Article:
:bulletorange: Think of marketing as a challenge, rather than a chore

Marketing might not entirely be your thing, but think about it as a challenge. It can be very rewarding to see how people get back to you, once you get involved in the community. And while being immersed in the community, you can actually make some real great friends that'll stick around for years. And, who knows, even meet people that can help you taking the next step in your artistic career. 

The possibility's are limitless, but you've got to open your mind for it. Don't be shy. Don't stand on the sideline of the community, but join it! If other people don't take the initiative, then take some yourself :)



And on a sidenote:
Everything here is based on my own opinion and experiences. Yours might be different. Note that this journal is mainly focused on the aspect of promoting your work on DA. This might not be the most fun way to stay here. This journal is by no means a 'guide' about how your should behave on DA or how you should interact with others here. It's meant to give you a sneak peak in the science behind social media platforms, and how you can use it to your advantage. 
Think you've got something to add to the list? Enlighten me! I'm always happy to learn.

Oh... and I'm not a native English speaker, so there could be mistakes in this text. Please forgive me for that. I'm trying my best ^^
Add a Comment:
 
:iconmpelliottnorthernart:
mpelliottnorthernart Featured By Owner 2 days ago  Professional Traditional Artist
Nice advice, thank you for the read.
Reply
:icong-matoshi:
G-Matoshi Featured By Owner Nov 10, 2014  Student Digital Artist
Thanks for the guidelines :)
Reply
:iconenvytalks:
EnvyTalks Featured By Owner Oct 20, 2014  New member Hobbyist General Artist
Thank you very much for this advice. As a starting artist in cosplay / modeling / writing / digital art, any tips on how to market myself are extremely helpful and needed.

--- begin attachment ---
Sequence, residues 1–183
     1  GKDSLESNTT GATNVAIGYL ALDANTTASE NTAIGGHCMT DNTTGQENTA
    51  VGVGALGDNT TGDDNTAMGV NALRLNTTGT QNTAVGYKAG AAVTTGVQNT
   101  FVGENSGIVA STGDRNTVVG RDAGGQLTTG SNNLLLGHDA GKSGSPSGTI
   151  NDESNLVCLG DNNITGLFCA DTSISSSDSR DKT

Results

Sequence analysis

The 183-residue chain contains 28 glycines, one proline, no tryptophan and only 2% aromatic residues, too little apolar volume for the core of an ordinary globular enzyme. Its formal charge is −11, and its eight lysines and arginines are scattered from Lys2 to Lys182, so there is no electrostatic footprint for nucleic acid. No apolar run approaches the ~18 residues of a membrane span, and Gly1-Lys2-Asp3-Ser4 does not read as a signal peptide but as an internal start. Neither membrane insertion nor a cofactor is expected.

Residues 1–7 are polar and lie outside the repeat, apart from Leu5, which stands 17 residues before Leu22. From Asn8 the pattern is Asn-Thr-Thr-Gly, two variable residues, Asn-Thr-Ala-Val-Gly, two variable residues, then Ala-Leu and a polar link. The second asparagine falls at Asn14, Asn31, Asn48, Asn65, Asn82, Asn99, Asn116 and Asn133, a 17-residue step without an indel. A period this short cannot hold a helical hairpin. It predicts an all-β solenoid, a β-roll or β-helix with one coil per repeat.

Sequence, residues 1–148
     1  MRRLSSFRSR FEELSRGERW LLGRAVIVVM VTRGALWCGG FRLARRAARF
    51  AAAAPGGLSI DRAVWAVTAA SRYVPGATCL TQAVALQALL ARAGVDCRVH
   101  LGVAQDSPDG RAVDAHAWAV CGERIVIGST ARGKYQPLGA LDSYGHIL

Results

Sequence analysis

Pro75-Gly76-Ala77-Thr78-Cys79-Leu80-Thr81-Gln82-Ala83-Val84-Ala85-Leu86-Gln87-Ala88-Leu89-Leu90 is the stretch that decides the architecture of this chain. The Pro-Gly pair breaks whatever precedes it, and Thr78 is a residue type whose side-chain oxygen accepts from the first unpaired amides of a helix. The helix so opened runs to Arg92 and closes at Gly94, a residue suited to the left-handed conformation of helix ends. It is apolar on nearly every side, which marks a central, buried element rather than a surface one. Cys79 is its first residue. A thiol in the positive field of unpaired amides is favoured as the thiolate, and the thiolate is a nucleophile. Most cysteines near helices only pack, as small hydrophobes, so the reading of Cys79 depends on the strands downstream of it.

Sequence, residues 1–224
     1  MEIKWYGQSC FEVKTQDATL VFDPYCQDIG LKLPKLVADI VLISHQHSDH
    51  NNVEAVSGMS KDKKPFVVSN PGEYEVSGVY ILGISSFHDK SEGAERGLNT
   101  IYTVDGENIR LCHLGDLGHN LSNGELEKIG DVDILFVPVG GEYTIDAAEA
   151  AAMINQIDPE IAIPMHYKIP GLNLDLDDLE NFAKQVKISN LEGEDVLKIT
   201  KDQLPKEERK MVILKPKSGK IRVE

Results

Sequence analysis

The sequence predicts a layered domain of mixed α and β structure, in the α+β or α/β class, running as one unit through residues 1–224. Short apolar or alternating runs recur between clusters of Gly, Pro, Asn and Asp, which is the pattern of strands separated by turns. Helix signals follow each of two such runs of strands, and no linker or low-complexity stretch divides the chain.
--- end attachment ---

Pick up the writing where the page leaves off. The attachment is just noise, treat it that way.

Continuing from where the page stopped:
Also
LLAMAS!
Reply
:iconcrimsoncricket:
CrimsonCricket Featured By Owner Oct 4, 2014  New member Hobbyist Traditional Artist
This is a very good post. I have come back to it several times, applying the advice. I do have a question: when you "watch" someone, DA gives you the option to check them as a "friend." Does anyone really use this feature unless they personally know the artist outside of DA? I have seen many profiles covered with people listed as friends - maybe they get to know each other online and upgrade? You can tell I'm not too savvy on social media; I would rather do anything than spend time on FB. I would love to hear what other people's "friend" experience is on DA!
Reply
:icondamaimikaz:
DamaiMikaz Featured By Owner Oct 5, 2014  Hobbyist Digital Artist
It depends on the person, I guess.
I only use the "friend" option for people that I keep close contact with, but other people use it for everybody they like. There's no specific etiquette for it. 
Reply
:iconcrimsoncricket:
CrimsonCricket Featured By Owner Oct 5, 2014  New member Hobbyist Traditional Artist
Ok, good to know - thank you for the response. Nod  
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:iconsapphire-stitch:
Sapphire-Stitch Featured By Owner Sep 18, 2014  Hobbyist Artisan Crafter
Thanks for the advice. 
Reply
:iconlozzdragon:
LozzDragon Featured By Owner Sep 15, 2014
no, no i think you pretty much nailed it
Reply
:iconsamui153:
samui153 Featured By Owner Aug 29, 2014
This is really help me :)
Reply